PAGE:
Ideal Sleep Hygiene

While you may know that there are numerous positive neurophysiological effects of sleep, as well as many negative effects when your sleep is disturbed, you may not be aware of the “ideal sleep hygiene” routines that have been found through numerous studies. Admittedly, some of these measures may seem rather extreme; our hope in sharing this information, however, is that there may be one or two tips that you can incorporate into your daily routine to improve the quality of your sleep, if not the quantity.
Consider using blocks to prop up the head of your bed, or invest in a contoured “bed wedge” pillow that extends at least halfway down your back when you lay prone.
There is evidence to show that you may want to avoid more stimulating activities, such as exercising, in the hours immediately prior to bedtime.
Be aware of your food and drink intake. Avoid large or spicy meals, especially if you suffer from reflux. Avoid caffeinated drinks that keep you awake. Limit your alcohol intake, because it can induce a depressed quality of sleep rather than a restful and restorative night’s sleep.
About an hour before you plan to fall asleep, start dimming the lights, and get ready to turn off the television and log off the computer.
Shortly before you retire for the night, avoid back-lit electronics. They can often fool your brain into thinking it is still seeing natural sunlight and disrupt your natural melatonin production.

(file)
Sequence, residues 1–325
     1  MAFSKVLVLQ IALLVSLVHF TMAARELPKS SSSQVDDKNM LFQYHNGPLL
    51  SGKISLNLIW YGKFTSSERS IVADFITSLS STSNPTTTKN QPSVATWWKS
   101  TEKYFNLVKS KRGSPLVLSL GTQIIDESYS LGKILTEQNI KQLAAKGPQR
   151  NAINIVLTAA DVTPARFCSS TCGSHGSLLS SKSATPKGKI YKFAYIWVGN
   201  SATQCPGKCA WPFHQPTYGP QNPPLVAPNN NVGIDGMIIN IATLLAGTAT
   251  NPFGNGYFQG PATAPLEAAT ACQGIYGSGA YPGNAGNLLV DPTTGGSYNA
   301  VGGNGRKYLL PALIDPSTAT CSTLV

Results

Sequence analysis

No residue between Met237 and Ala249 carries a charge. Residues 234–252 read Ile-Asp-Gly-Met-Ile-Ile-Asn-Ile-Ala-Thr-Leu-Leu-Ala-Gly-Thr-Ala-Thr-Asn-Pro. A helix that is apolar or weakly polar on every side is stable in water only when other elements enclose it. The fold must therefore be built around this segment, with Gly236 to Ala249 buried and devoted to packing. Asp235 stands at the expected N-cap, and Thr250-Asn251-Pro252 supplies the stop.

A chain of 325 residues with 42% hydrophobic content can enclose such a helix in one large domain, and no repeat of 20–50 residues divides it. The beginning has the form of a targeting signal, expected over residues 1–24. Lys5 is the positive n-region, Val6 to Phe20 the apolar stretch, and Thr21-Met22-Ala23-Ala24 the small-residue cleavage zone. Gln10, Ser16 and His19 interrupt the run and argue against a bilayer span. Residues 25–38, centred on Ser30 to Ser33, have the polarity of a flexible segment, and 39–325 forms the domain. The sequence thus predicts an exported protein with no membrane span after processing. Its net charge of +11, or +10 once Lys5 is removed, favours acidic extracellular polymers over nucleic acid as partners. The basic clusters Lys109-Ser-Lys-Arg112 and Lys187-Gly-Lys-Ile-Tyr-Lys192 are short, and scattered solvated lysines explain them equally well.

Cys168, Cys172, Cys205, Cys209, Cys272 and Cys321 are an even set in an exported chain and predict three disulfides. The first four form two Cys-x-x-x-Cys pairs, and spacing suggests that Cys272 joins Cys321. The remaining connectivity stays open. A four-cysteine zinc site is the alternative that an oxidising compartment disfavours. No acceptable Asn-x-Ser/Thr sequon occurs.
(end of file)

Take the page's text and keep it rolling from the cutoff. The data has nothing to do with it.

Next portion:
Try to keep the electronics out of your bedroom. The “bings” and vibrating of cell phones are notorious for pulling you back from the edge of sleep.
Studies have shown that 68’F is the ideal room temperature for sleeping. Turn down the air conditioning half an hour before you go to bed and pile on the quilts!
Shortly before bed, take a nice hot bath or shower, and then crawl into a relatively cold bed to increase your melatonin production.
Maintain the lowest level of lighting in your bedroom that you can. If possible, remove the nightlights and limit the lights that you turn on if you wake up to use the bathroom. For people working split-shifts, black-out curtains are often very helpful, as are eye masks.
Once you get into bed, stop watching the clock! Reminding yourself about the sleep you are not getting is not going to encourage that sleep to happen.
If you find yourself struggling to fall asleep after thirty minutes, get out of bed. Read a light book, do an easy crossword puzzle, pet your dog, or prune your houseplants. When you are ready, go back to bed.
Be diligent with your sleep schedule, especially the time that you go to bed, all seven days of the week.
And, finally, remember the two S’s. You can train your body and mind that there are only two reasons to be in bed!
Sleep well, and call us in the morning if you have any questions about sleep apnea!

Leave a Reply

Fill in your details below or click an icon to log in: Logo

You are commenting using your account. Log Out /  Change )

Google photo

You are commenting using your Google account. Log Out /  Change )

Twitter picture

You are commenting using your Twitter account. Log Out /  Change )

Facebook photo

You are commenting using your Facebook account. Log Out /  Change )

Connecting to %s